When we first meet Kayla Day, the sweet, smart, introverted protagonist of Bo Burnham’s directorial debut Eighth Grade, she’s delivering a YouTube tutorial. It’s a scene that’s as familiar
When we first meet Kayla Day, the sweet, smart, introverted protagonist of Bo Burnham’s directorial debut Eighth Grade, she’s delivering a YouTube tutorial. It’s a scene that’s as familiar to eighth graders today as it would be alien to their parents, one has to imagine: she’s telling her audience about the importance of being confident and having self-esteem, even as she seems to have none herself. You can’t be stopped by hurtful people, is her message for the day. “You just have to ignore them,” Kayla concludes, the camera having pulled back enough to show that this pep talk is more intended for herself than her nonexistent YouTube fans.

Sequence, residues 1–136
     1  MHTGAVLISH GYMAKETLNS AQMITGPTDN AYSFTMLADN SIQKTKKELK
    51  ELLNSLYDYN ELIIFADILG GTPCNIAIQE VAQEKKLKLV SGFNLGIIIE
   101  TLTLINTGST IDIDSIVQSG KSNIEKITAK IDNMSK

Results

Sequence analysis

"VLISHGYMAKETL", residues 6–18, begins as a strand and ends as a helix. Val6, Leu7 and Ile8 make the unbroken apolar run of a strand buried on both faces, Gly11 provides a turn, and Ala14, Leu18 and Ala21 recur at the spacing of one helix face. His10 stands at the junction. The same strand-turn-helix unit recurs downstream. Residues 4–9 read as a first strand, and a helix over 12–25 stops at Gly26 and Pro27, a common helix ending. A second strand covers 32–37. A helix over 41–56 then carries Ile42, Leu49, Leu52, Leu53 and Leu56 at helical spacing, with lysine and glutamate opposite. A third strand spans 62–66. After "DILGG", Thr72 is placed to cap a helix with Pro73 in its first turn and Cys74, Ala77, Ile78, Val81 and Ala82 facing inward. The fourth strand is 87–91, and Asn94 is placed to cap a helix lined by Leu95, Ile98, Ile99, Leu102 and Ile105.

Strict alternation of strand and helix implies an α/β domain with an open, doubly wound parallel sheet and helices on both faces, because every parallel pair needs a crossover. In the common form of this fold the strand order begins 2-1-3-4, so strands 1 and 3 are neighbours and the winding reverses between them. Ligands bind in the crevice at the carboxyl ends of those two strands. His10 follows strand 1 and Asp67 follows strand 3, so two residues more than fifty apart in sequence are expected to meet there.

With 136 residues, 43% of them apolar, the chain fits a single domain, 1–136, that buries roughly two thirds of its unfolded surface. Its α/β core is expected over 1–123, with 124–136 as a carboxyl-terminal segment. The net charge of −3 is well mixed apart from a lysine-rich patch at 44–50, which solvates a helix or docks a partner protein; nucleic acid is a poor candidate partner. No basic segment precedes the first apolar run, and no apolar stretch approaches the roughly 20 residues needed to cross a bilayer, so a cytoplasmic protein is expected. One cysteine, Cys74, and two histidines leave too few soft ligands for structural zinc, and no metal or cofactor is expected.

Eighth Grade takes place during the last week of middle school, as the slouchy, shy Kayla takes the next steps into full-fledged adolescence. In the course of an eventful few days, she’s put through all manner of (literal and metaphorical) tests, as she and her classmates participate in a live-shooter drill, accept their “superlative” awards (Kayla wins “Most Quiet”), throw pool parties, and take an orientation trip to their future high school. With the camera following Kayla like a helicopter parent, we watch as she tries (and mostly fails) to connect with her would-be friends — arriving at said party with a lame birthday present and making awkward small talk with her oblivious crush. Portrayed in a raw, radiantly generous performance by Elsie Fisher, Kayla joins the pantheon of great teenage heroines in coming-of-awkward-age comedies. Shades of Welcome to the Dollhouse, Little Miss Sunshine and last year’s Lady Bird suffuse this exuberant, vulnerable portrait of a young woman becoming herself by insisting on being herself, even as she opens herself up to the damage the world always inflicts on the earnest.
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